Note:

To perform the proxy switch to an end user, you need the user's DN.

If there is a User object already available fetched from Subscriber, then the user's DN is available as shown in this fragment:

//User user = subscriber.getUser(...);
user.getDn();

If you do not have the User object, you can create it if you have the user's name, UID, SAM account name, or Kerberos principal are available, as shown in the following fragment:

User user = new User(dirCtx, idType, userIdValue, subscriber, true);
// idType can be Util.IDTYPE_SIMPLE / Util.IDTYPE_GUID / Util.IDTYPE_WINDOWS / Util.IDTYPE_KERB_PRINCIPALuser.getDn();

This code shows how the proxy switch occurs:

import oracle.ldap.util.jndi.*;
import javax.naming.directory.*;
import javax.naming.ldap.*;
import javax.naming.*;

public static void main(String args[])
{
  try{
       InitialLdapContext appCtx=ConnectionUtil.getDefaultDirCtx(args[0], // host
                                                                 args[1], // port
                                                                 args[2], // DN
                                                                 args[3]; // pass)
         // Do work as application
         // . . .
         String userDN=null;
         // assuming userDN has the end user DN value
         // Now switch to end user
         ctx.addToEnvironment(Context.SECURITY_PRINCIPAL, userDN);
         ctx.addToEnvironment("java.naming.security.credentials", "");
         Control ctls[] = {
           new ProxyControl()
         };
         ((LdapContext)ctx).reconnect(ctls);
         // Do work on behalf of end user
         // . . .
      }
    catch(NamingException ne)
      {
       // javax.naming.NamingException is thrown when an error occurs 
      }
}

The ProxyControl class in the code immediately preceding implements a javax.naming.ldap.Control. To learn more about LDAP controls, see the LDAP control section of Oracle Fusion Middleware Reference for Oracle Identity Management. Here is an example of what the ProxyControl class might look like:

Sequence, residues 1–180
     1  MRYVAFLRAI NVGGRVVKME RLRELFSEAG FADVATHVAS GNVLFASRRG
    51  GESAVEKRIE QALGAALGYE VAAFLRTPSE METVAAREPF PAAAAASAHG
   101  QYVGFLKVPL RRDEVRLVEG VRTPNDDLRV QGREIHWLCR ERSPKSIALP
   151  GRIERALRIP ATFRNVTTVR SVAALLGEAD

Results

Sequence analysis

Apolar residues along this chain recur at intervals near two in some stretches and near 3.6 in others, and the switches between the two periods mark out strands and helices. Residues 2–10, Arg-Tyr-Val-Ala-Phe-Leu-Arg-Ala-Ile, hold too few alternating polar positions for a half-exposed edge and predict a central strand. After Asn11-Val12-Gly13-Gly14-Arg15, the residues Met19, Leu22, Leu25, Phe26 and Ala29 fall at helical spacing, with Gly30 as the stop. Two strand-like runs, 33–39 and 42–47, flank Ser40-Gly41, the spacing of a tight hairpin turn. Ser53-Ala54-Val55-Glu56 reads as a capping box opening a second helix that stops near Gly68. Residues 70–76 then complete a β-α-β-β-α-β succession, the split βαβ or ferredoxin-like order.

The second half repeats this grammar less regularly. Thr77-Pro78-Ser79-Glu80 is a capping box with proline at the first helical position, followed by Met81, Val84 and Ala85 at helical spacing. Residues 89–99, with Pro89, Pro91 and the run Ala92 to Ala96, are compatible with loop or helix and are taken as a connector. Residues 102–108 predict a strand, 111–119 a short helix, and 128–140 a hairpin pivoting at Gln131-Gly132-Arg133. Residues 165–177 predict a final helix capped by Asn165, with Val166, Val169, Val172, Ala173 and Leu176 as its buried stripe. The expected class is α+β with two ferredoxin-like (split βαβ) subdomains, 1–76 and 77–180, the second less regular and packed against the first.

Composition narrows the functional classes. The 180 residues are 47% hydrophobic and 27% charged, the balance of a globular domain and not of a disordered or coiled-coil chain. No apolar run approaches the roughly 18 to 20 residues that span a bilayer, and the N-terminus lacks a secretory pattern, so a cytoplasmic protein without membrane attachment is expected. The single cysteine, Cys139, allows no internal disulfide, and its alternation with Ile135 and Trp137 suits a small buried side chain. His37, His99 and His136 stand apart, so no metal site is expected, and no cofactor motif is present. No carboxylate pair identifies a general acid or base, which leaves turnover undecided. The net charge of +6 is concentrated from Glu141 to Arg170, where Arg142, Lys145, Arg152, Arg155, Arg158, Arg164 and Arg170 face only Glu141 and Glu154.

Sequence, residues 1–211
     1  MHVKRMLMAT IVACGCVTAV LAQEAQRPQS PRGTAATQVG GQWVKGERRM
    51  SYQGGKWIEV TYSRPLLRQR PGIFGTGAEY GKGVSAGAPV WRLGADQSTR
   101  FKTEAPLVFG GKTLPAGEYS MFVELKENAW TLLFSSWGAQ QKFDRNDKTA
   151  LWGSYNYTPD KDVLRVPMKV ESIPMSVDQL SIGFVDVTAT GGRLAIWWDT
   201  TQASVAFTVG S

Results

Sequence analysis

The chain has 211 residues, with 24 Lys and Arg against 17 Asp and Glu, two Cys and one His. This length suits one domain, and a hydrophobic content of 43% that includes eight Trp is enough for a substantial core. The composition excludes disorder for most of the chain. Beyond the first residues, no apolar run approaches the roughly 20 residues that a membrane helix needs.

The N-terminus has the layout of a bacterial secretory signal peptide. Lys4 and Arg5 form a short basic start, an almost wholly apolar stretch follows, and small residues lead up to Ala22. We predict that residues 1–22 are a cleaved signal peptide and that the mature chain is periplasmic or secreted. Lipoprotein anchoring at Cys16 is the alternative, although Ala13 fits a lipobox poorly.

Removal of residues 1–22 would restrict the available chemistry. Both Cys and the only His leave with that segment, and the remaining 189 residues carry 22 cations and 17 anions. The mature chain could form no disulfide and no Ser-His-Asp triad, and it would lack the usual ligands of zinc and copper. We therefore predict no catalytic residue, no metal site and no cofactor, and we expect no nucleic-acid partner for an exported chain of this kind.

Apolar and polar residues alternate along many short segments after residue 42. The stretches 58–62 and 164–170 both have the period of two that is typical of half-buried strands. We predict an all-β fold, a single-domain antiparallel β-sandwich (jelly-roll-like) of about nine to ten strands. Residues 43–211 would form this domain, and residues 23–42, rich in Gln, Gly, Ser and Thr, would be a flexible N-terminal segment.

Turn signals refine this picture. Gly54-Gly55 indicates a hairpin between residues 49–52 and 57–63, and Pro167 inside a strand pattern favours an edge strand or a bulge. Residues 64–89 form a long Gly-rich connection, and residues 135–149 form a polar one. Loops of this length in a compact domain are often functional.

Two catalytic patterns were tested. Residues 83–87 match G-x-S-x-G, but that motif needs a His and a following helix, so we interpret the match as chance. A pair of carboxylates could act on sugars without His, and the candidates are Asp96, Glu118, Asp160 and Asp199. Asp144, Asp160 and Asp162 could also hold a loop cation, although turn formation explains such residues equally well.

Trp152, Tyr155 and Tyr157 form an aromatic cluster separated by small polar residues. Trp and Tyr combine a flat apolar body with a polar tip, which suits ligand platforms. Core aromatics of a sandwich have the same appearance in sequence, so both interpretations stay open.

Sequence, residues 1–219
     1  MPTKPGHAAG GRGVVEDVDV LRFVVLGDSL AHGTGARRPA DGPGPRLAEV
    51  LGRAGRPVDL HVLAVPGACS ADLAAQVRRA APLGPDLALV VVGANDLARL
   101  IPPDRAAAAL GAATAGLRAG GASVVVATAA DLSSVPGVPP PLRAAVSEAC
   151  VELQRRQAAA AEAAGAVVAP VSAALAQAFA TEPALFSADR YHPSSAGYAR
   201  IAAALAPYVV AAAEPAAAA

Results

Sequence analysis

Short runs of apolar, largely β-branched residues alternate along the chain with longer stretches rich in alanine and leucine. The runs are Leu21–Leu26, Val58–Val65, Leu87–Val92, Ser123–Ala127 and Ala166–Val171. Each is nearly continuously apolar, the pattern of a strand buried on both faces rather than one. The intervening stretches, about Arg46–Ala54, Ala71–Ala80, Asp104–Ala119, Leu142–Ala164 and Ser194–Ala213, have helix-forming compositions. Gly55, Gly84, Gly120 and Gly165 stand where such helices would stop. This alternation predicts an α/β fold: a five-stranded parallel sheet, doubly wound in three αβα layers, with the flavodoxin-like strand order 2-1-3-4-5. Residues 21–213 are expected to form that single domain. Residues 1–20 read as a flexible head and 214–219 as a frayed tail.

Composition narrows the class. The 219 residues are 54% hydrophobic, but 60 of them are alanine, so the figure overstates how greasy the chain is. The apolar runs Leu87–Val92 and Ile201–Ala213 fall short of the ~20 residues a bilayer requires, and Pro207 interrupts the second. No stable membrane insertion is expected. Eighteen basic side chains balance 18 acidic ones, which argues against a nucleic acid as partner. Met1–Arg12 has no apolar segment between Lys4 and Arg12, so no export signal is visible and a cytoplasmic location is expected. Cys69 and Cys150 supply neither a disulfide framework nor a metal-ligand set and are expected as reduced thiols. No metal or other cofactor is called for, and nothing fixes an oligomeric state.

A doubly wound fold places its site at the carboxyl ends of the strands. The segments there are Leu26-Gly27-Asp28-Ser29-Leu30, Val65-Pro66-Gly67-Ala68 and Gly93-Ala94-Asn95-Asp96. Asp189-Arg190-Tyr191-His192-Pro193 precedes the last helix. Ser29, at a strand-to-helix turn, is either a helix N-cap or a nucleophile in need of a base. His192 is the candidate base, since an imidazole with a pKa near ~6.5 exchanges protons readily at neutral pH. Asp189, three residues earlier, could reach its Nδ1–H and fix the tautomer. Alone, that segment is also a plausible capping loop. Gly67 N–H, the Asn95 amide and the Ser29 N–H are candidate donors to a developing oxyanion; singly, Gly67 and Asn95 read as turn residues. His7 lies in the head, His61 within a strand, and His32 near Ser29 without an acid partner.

import javax.naming.*;
import javax.naming.ldap.Control;
import java.lang.*;
 
public class ProxyControl implements Control {
 
   public byte[] getEncodedValue() {
      return null;
   }
 
   public String getID() {
      return "2.16.840.1.113894.1.8.1";
   }
 
   public boolean isCritical() {
      return false;
   }
}

3.4 Creating Dynamic Password Verifiers

You can modify the LDAP authentication APIs to generate application passwords dynamically—that is, when users log in to an application. This feature has been designed to meet the needs of applications that provide parameters for password verifiers only at runtime.

This section contains the following topics:

3.4.1 Request Control for Dynamic Password Verifiers

Creating a password verifier dynamically involves modifying the LDAP authentication APIs ldap_search or ldap_modify to include parameters for password verifiers. An LDAP control called DynamicVerifierRequestControl is the mechanism for transmitting these parameters. It takes the place of the password verifier profile used to create password verifiers statically. Nevertheless, dynamic verifiers, like static verifiers, require that the directory attributes orclrevpwd (synchronized case) and orclunsyncrevpwd (unsynchronized case) be present and that these attributes be populated.

Note that the orclpwdencryptionenable attribute of the password policy entry in the user's realm must be set to 1 if orclrevpwd is to be generated. If you fail to set this attribute, an exception is thrown when the user tries to authenticate. To generate orclunsyncrevpwd, you must add the crypto type 3DES to the entry cn=defaultSharedPINProfileEntry,cn=common,cn=products,cn=oraclecontext.

3.4.2 Syntax for DynamicVerifierRequestControl

The request control looks like this:

DynamicVerifierRequestControl
controlOid:  2.16.840.1.113894.1.8.14  
criticality:  FALSE
controlValue: an OCTET STRING whose value is the BER encoding of the following type:

ControlValue ::= SEQUENCE {

                  version [0]
                  crypto  [1] CHOICE OPTIONAL {
                     SASL/MD5  [0] LDAPString,
                     SyncML1.0 [1] LDAPString,